“Thirteen hospitals in the UK have said they want to use it and we’ve had really great feedback from the families using it so far,” says Evans.
There are also several spin-offs to the business, including Little Superstars – hospital gowns with capes to help children feel more comfortable, and Little Toot – an interactive app that uses gamification to help youngsters feel less afraid of breathing masks.
Evans is currently studying part-time for his PhD and the rest of the time as an intensive care fellow at a private hospital. “I do seven 24-hour shifts a month, which gives me money to live by and the rest of the time is for research and running Little Sparks,” he says. “I never really thought of myself as someone who was an entrepreneur but working in healthcare you see a lot of things that could be done better and, as tech moves forward, there are more opportunities to make improvements.”
Dr Anas Nader and Dr Jing Ouyang (pictured above, right and left respectively) were among the first fellows of the NHS Clinical Entrepreneurs programme, attracted by the opportunity to continue clinical work and use tech to solve a problem.
Joining Chelsea and Westminster Hospital Trust, Nader was responsible for making improvements to the temporary staffing office, which was there to fill rota gaps in the hospital. With Ouyang, who was then working as clinical lead in digital health at Alder Hey Children’s Hospital, Liverpool, he developed LocumTap, software that aimed to make the process smoother.
“We have a serious staffing crisis in the NHS,” Ouyang says. “There is increasing healthcare demand and reduced clinician supply, and that creates a perfect storm where there are lots of vacancies in hospital rotas across the country. The NHS spent £3.6bn on temporary staffing in 2016, a large proportion of which came from agency spending. You can save money if you find an internal clinician to do the shift instead of using an agency.”
LocumTap’s software aims to do this. Where currently admin staff wanting to fill a shift will cold call or email potential candidates – or use agencies – they can upload all available shifts onto LocumTap’s software. Clinicians can then view all available opportunities and sign up to fill shifts using a mobile app.
A pilot programme at Chelsea and Westminster Hospital NHS Foundation Trust resulted in 90 per cent of available locum shifts being filled by bank staff, compared with 30 per cent with the previous system. That represented a cost saving for that trust of £600,000 per year.
Ouyang and Nader are currently in talks with more than a dozen trusts, with one in London ready to adopt LocumTap. The business has its headquarters in the capital, with a satellite office in Liverpool, and 15 staff. The duo recently completed a seven-figure round of investment to fuel further growth.
“We’re in the early stages but it’s very exciting and we’re getting a lot of unsolicited approaches from the likes of dental practices and nursing homes, who believe it could work for them too,” says Ouyang, who is still in full-time training but intends to join Nader in the business in August. Although full-time with LocumTap, Nader also works as a locum and Ouyang says he intends to keep his hand in clinical practice.
“As clinicians we experience many pain points in the system and there are a lot of transferable skills,” he says. “I never thought I’d be able to do both but there are a lot of problems in the system that can be solved by tech and I want to be able to solve them at scale."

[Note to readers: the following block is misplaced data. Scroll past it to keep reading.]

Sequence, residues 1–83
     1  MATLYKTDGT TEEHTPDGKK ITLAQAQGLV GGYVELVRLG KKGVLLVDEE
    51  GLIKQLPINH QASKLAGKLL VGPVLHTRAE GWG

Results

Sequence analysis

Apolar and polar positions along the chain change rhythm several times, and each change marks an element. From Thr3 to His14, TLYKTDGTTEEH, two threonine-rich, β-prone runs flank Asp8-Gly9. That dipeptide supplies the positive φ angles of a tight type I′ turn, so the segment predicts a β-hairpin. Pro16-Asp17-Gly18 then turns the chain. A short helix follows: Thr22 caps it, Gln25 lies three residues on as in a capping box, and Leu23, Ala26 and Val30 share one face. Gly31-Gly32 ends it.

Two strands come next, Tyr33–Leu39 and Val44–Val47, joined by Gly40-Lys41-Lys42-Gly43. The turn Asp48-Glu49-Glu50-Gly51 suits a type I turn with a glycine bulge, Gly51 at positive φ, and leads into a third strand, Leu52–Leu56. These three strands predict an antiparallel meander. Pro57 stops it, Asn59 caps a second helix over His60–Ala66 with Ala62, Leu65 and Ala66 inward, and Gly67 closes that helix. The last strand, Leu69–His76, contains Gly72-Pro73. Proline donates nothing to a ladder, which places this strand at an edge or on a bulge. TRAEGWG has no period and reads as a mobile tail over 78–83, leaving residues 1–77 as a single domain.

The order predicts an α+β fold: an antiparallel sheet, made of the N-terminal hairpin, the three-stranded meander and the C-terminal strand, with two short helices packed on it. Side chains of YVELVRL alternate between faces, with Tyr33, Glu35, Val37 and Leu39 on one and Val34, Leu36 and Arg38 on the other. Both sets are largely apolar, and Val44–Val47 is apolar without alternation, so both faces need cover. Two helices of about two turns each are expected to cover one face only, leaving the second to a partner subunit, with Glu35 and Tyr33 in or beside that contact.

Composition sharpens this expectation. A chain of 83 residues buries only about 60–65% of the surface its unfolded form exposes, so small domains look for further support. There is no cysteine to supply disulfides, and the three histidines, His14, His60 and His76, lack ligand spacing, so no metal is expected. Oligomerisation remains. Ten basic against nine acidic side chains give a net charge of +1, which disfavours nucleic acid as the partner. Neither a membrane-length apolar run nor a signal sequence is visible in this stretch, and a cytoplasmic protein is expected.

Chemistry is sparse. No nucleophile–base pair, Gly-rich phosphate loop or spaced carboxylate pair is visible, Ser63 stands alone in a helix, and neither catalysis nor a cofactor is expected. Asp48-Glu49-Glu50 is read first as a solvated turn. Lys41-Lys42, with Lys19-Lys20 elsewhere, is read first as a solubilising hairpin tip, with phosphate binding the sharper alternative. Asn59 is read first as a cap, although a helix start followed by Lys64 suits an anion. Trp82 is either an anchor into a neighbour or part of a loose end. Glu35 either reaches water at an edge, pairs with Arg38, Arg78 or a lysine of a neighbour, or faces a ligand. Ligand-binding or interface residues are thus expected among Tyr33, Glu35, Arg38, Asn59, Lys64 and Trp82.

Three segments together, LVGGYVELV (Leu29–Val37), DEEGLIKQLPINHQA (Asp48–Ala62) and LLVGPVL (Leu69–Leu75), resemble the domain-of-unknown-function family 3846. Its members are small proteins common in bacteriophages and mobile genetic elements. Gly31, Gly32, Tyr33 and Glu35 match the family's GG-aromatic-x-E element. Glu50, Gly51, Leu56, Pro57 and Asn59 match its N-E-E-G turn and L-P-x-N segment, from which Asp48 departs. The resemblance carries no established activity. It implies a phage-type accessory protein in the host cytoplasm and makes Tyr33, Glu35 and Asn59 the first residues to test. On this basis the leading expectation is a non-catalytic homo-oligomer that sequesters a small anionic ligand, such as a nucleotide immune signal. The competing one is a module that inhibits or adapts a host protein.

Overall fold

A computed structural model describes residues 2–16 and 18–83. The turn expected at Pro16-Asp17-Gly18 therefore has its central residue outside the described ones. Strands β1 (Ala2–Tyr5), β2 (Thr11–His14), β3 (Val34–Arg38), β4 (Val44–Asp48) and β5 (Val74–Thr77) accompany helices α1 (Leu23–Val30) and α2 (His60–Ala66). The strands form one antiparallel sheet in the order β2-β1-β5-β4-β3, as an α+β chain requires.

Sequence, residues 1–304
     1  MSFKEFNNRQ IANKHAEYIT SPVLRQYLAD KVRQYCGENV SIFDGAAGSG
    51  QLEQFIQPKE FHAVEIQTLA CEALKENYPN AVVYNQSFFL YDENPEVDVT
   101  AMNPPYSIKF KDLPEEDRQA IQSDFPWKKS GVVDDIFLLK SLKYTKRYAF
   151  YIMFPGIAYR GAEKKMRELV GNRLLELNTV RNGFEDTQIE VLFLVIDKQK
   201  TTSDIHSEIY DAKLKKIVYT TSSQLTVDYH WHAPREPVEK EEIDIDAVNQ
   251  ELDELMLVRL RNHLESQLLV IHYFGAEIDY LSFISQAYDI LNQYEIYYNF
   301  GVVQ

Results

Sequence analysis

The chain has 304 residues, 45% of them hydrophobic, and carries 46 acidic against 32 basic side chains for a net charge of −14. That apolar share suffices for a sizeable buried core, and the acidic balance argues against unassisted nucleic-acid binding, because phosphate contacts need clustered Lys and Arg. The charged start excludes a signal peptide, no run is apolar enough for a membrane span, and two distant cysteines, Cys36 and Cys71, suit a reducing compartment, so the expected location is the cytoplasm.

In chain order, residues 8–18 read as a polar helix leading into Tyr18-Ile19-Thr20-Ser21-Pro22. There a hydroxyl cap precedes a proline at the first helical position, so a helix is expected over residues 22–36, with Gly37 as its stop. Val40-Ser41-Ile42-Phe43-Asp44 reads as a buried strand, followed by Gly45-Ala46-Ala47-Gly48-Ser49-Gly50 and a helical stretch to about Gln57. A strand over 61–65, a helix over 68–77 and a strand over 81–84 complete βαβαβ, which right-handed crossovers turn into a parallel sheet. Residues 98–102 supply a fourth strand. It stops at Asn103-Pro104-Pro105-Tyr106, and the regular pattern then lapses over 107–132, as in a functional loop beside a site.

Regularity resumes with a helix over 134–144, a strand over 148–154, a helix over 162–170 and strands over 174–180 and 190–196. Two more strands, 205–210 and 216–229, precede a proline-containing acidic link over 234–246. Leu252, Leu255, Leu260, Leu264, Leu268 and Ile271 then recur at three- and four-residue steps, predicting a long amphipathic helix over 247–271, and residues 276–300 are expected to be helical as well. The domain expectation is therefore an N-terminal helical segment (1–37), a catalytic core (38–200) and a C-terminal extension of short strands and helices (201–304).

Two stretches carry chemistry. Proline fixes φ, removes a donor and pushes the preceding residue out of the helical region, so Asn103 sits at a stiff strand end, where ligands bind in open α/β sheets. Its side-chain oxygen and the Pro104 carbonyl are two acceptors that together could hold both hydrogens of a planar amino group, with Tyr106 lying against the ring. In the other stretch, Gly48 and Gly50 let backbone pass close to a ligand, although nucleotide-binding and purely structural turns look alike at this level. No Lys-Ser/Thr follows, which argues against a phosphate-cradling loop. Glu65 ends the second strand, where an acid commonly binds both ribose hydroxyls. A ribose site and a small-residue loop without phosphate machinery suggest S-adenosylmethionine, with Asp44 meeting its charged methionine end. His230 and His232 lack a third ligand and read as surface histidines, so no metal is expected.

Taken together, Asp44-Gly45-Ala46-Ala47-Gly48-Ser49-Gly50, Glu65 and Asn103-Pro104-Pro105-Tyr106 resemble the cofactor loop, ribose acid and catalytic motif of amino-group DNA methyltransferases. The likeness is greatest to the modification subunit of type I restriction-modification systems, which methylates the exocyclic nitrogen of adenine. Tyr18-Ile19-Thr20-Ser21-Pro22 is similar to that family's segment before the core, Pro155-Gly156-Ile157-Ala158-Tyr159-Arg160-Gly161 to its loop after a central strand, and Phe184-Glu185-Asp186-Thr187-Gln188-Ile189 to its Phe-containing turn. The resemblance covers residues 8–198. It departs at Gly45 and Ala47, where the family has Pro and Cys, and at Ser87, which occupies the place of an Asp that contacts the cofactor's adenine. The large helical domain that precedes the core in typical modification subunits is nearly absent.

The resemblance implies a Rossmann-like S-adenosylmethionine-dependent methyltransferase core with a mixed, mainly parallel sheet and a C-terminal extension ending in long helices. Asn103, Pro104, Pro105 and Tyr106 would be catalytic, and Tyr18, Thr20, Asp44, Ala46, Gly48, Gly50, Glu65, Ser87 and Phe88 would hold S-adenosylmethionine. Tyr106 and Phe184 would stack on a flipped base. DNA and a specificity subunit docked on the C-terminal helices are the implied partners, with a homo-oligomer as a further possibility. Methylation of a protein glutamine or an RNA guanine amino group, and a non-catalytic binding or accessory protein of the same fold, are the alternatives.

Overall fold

Dr Claire Novorol (above) saw how her expertise could improve medical tech while studying for a PhD at Cambridge. She had previously worked in paediatric neurology at Great Ormond Street Hospital before becoming a registrar in clinical genetics. But it was only when she was asked to advise an entrepreneurship club at the university that she could see the potential for her to make her mark on the tech world. The health start-ups she assisted had previously had no access to doctors.
“I became really interested in tech and saw there was an opportunity I hadn’t considered before,” she says. “I started seeing examples of exciting ideas people were building to solve some of the problems in healthcare and I realised I didn’t want to go back to a full-time clinical position.”
She launched Doctorpreneurs in 2011, a non-profit organisation aimed at promoting health entrepreneurship, of which she remains chairman. But it is Ada Health, the AI-powered health app, which has had the biggest impact. The business she co-founded seven years ago raised $47m in funding in late 2017.
As well as improving the product, the cash will be used to open a US office, adding to its bases in London and Berlin.
The free app works like a chatbot, enabling users to give their symptoms and receive “approximate likelihoods” of what their ailment may be. They can also be connected with real doctors if they wish. “It’s much more personalised and sophisticated than a Google search, for example,” says Novorol, adding that a huge team of inhouse medics has built up the app’s knowledge over several years. “A lot of people don’t know what’s the right level of care for them to seek – they go to A&E when going to a GP or pharmacy would be better. Ada helps them make more confident decisions about what to do.”
Available for just over a year globally, three million assessments have been carried out. “We’ve heard stories about how Ada has recognised something serious like appendicitis, which has been later confirmed at a hospital, and how people have been reassured that something wasn’t serious,” Novorol says. The app has also correctly diagnosed those suffering from rare diseases, brought in to test Ada, within minutes of them answering questions about their condition.
Her own career has taken a back seat and, though it was the path for her, she doesn’t believe entrepreneurship is right for all doctors.
"A medical career has traditionally offered stability, prestige and a mapped-out path – entrepreneurship is the opposite of that," she says. "Healthcare is behind other industries when it comes to tech because it’s so complex and harder to implement new tech, but we’ll get there. I hear doctors talking about their clinical work and I do think it would be nice to go back.
"However, what we’re doing here has the potential to affect many millions of people around the world and I’d never have reached those people being a practice doctor."